Virtually all provincial-level regions report first-quarter slowdown
The east coast export powerhouse of Zhejiang was the only provincial-level region in China to achieve higher growth in the first quarter, when resource producers and heavy industrial bases were hit hard by tough business conditions.
As of last Friday, all 31 regional governments in the Chinese mainland had released first-quarter GDP growth data. Expansion slowed in 30 regions from that of last year, a compilation by China Daily showed.
The sharpest drop occurred in Liaoning province, where growthslumpedby3.9percentage points to 1.9 percent. Yearonexpansion was also the slowest among all regions.
The second-largest fall was in Hainan province (down 3.8 percentage points) and the Xinjiang Uygur autonomous region (down 3.1 percentage points).
In Zhejiang, however, growth accelerated to 8.2 percent from 7.6 percent.
On a national basis, GDP growth further slowed to a sixyear low of 7 percent, down from 7.3 percent growth in the fourth quarter of 2014.
Core sectors in various regions determined each one’s overall performance.
Resource producers and heavy industrial bases were hit hard by sliding producer prices, which have been declining for more than three years. The national Producer Price Index fell 4.6 percent year-on-year in March alone, the 37th straight month of decline.
Liaoning, a manufacturing stronghold that grew rapidly in previous years, saw its growth plunge as industries grappled with a capacity glut and investment tumbled.
Steel, cement and iron ore output fell in the first quarter for the first time in years. As a result, industrial output contracted 5.9 percent. With a glut of unsold housing, property developers slashed investment. As a result, total investment tumbled 18.5 percent, whereas a year earlier it expanded 17.2 percent.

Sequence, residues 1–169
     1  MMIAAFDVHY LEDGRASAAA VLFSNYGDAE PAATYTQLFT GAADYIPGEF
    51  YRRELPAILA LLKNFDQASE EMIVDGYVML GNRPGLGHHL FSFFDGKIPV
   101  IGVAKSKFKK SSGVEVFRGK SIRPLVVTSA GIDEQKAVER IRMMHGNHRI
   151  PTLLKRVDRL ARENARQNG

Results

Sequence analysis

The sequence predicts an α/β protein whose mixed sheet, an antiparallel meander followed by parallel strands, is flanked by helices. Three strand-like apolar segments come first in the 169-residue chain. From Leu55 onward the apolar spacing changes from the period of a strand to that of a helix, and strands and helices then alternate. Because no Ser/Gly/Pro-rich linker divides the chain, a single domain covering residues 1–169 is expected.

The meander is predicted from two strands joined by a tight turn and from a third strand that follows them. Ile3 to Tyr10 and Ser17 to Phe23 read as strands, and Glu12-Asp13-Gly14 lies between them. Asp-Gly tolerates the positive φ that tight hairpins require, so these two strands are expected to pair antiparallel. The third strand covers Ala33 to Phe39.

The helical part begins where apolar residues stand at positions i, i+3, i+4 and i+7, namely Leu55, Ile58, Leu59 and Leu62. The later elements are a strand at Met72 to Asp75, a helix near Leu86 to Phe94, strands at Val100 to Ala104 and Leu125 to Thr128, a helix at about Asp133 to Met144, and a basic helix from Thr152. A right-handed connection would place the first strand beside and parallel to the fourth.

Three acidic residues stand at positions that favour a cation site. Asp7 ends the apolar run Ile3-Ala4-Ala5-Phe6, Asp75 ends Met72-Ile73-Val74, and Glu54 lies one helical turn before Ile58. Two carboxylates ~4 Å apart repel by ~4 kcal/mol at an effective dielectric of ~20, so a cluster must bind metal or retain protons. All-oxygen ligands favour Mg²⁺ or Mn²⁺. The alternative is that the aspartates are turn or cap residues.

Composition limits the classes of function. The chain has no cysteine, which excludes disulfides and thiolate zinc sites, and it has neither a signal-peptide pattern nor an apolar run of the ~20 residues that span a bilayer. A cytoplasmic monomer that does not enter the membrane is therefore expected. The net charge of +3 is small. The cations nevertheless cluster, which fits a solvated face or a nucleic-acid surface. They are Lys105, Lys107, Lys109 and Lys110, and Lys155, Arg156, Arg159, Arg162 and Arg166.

Underscoring the severity of the slowdown, Premier Li Keqiang visited Jilin province on April 10 and convened leaders from the three northeast provinces to discuss the situation. Leaders of the top economic planner, the National Development and Reform Commission, visited Liaoning in lateMarch.
Major coal producer Shanxi province’s problems showed no sign of easing, with GDP growth slowing further to 2.5 percent from 4.9 percent a year earlier. The province was crippled by falling coal prices and the exposure of widespread corruption that the Chinese media have termed a “corruption landslide”.
“It lays bare the shortcomings of the traditional growth model,” said Liu Qiao, a professor of finance at the Guanghua School of Management at Peking University. He said leaders of these regions should reflect on their traditional approach, patiently seek new growth sources and refrain from pump-priming via big infrastructure projects.
The effect of the slowdown was very evident in local governments’ fiscal revenue. General fiscal revenue at the local level just grew 4.9 percent in the first quarter, the slowest rate since 1994. Revenue from land sales, a pillar of local governments’ income, slumped 36.1 percent.
In further evidence of growing concern over provincial budgets, the Ministry of Finance on Tuesday warned in a circular of slowing tax revenue growth.
It also told local authorities to hasten issues of municipal bonds, a newly approved source of borrowing.